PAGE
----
Cars are not only expensive to purchase, they're expensive to own.

AAA estimates that the total annual cost of owning and operating a car is more than $8,500. While most owners have a monthly budget for car payments, insurance premiums, and fuel, many drivers may underestimate the importance of putting aside funds for the inevitable vehicle repair—unless they don’t have the financial means to do so.

According to a new AAA survey, 64 million American car owners would have to borrow money to pay for a repair, the cost of which averages between $500 and $600. And that amount can soar if regular maintenance and services are not heeded. Setting aside a small amount each month can provide a cushion should an out-of-warranty repair be needed. This is especially important if you buy a used car.

“Anticipating your vehicle’s needs before problems strike is important,” says John Niesen, AAA’s managing director of automotive engineering and repair. “While it may seem that skipping maintenance and repairs can save money in the short term, staying on top of car care can save drivers hundreds of dollars in the long run.”

In fact, in an earlier survey of AAA repair facilities, it was estimated that drivers can save an average of $100 in repairs per visit simply by properly maintaining their vehicle. But one-third of American drivers don’t know where they would take their vehicle for maintenance or repair. AAA stresses the importance of identifying a trusted repair facility before you need one. (See our car repair shop satisfaction ratings.)

Maintenance Saves Money

In addition to following the automaker’s recommended maintenance schedule, it is also important to take a few extra steps on a monthly and annual basis to keep your car on the road.

CR’s Auto Test Center chief mechanic John Ibbotson doesn’t believe that every service notice that dealerships send out needs to be performed, but the services recommended in the car’s manual are essential. “Keeping on top of the prescribed routine maintenance goes a long way toward keeping the health of your car ahead of the game.”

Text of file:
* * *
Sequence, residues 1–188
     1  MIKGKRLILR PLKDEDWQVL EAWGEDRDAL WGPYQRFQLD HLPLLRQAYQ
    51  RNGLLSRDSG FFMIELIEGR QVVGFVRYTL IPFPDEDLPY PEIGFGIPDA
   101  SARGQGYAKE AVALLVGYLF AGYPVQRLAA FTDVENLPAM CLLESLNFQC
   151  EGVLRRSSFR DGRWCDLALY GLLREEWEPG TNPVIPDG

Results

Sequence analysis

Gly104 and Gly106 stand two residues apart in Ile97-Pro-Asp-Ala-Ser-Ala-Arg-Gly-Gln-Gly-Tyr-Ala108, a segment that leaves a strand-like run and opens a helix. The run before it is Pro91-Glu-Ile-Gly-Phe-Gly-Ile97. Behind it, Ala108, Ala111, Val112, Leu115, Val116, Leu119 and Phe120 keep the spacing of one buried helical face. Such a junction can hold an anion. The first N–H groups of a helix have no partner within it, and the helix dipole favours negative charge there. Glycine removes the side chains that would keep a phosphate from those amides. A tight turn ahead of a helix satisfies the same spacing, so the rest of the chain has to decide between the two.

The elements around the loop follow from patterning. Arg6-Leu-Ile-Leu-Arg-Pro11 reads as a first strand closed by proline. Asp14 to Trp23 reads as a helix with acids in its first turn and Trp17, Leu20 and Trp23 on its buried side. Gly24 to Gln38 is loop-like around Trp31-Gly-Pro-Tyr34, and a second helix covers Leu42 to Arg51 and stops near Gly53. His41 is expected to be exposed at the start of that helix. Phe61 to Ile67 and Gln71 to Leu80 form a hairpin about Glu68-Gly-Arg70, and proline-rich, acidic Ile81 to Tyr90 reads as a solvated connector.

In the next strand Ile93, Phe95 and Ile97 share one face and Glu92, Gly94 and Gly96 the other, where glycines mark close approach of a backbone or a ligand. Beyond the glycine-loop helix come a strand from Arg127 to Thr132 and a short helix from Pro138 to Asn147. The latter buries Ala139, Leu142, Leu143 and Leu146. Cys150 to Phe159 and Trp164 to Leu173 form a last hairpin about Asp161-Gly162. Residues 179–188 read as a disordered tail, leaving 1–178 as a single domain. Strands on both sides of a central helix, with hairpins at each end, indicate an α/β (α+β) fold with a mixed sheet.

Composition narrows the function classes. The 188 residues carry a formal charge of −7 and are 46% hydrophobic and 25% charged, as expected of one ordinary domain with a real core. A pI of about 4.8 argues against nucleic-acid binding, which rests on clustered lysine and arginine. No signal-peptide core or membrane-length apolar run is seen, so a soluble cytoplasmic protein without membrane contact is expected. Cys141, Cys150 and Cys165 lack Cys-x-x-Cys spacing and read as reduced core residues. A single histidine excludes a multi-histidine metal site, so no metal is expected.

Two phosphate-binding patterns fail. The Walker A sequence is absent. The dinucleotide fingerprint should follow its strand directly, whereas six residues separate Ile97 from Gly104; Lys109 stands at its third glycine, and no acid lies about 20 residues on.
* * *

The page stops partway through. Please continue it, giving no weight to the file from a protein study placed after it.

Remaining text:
Battery failure and flat tires are the most common reason for roadside assistance calls, according to AAA. These risks can be reduced by routine inspections.

Batteries should be checked when they get to three years old and then checked every year. Battery checks are typically free and can be quickly done by your regular mechanic and AAA Battery Service, or aftermarket auto chains such as Autozone, NAPA Auto Parts, and Pep Boys. (See our car battery buying guide and ratings.)

Tire pressure on all four tires and the spare, as well as tread depth, should be checked monthly. Consumer Reports provides a comparative treadwear mileage figure in our Tire Ratings chart, offering projected mileage of all-season and performance all-season car tires. When it is time to replace them, we recommend staying with the size and speed rating of your car’s original tires. (See our tire buying guide and ratings.)

Learn about common car repairs and get local price estimates at CR.org/carrepair

Make Your Car Last

Cars these days can run for 200,000 miles and more. On the 'Consumer 101' TV show, host Jack Rico learns from Consumer Reports' Jen Stockburger what you can do to get the maximum life out of your vehicle.